Decoding: reading words; includes letter/pattern recognition, phoneme/grapheme relationships, fluency, blending; has a reciprocal relationship with encoding

Encoding: spelling/writing; includes handwriting, phoneme/grapheme relationships, irregular spellings; has a reciprocal relationship with decoding

Oral Language: spoken language; the way we communicate through talking; includes 5 components (listed below)

  • Phonology: processing speech sounds to understand oral language
  • Vocabulary: word knowledge (breadth and depth); phrases included
  • Morphology: how word parts like inflectional endings, prefixes, and suffixes are added to root words
  • Syntax: grammatical “rules” of language structure; word order
  • Pragmatics: practical rules about how language should be used socially (i.e. taking turns)

Fluency: the ability to read accurately, at an appropriate speed, and with proper expression

High-Frequency Words: words that are found often in texts; some are regularly spelled (i.e. in the word “can” each letter makes its expected sound, making it decodable) and some are irregularly spelled (i.e. in the word “have,” the “a_e” doesn’t make its expected long “a” sound)

Vocabulary: knowledge of what words mean and how they are used

Writing: communicating ideas via print; could include handwriting, language/vocabulary, and spelling

Comprehension: a set of complex skills that allow the reader to understand and think deeply about a text


I hope all of these key Science of Reading terms and definitions have been helpful! If you’re interested in learning how to put all of these pieces together and create a schedule for your Kindergarten, first grade, or second grade classroom, I encourage you to check out my Science of Reading course for K-2 teachers!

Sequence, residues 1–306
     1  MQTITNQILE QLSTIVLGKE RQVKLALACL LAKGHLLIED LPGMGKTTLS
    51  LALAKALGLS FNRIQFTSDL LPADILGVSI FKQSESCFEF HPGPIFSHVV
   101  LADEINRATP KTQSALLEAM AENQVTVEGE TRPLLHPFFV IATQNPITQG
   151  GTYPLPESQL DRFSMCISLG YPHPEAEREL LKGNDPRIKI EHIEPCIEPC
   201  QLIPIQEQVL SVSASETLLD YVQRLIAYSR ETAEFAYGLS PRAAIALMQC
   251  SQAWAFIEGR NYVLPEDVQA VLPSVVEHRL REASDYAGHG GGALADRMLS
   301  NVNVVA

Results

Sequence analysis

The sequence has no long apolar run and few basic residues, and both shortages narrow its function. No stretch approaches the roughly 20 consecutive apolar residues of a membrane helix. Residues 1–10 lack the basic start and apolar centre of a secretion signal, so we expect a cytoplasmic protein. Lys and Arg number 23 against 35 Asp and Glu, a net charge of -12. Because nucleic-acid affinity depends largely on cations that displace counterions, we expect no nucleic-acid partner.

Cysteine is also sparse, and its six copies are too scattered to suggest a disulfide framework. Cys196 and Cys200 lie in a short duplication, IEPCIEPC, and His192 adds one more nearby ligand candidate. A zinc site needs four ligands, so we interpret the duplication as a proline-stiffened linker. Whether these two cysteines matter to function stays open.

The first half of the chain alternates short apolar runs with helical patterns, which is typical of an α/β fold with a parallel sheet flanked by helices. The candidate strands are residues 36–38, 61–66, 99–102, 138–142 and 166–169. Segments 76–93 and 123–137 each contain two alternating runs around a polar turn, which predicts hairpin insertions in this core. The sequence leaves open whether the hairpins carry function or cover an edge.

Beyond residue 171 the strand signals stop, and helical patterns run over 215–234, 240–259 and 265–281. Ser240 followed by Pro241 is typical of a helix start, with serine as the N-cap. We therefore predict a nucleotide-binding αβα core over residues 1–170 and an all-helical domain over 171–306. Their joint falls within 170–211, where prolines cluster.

This course will help you:

🌟 Master the Science of Reading as it applies to teaching K-2

🌟 Create daily and weekly schedules that apply the Science of Reading

🌟 Feel confident that you’re giving ALL your students the tools they need to become successful readers and writers!

In this course, I cover the most important principles about the Science of Reading that you need to know – without sending you into information overload!

I also teach you how to translate the Science of Reading into an easy-to-implement daily and weekly schedule.

I show you what to do when you don’t have as much time as you need to teach literacy, and/or when your existing curriculum doesn’t follow the Science of Reading.

AND I give you ready-made, detailed schedules for structured literacy in grades K, 1st, and 2nd that you can download and start using immediately!

This is a self-paced course , which means that you can watch the short videos whenever you have time!

In addition to the videos, you also get downloadable resources, like…

> Detailed daily schedules and small group schedules

> Links to additional free resources to support your Science of Reading instruction

Additionally, at the end of the course, you can choose to take a quick quiz if you want a certificate of completion (with your name on it) to be emailed to you for professional development credits.

When you purchase, you have forever access to the course (no yearly fee or future purchases required).

Read more about the course at this link!

Happy teaching!


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I’m Alison, a literacy specialist. I love getting kids excited about reading and writing – and sharing teaching ideas with other teachers!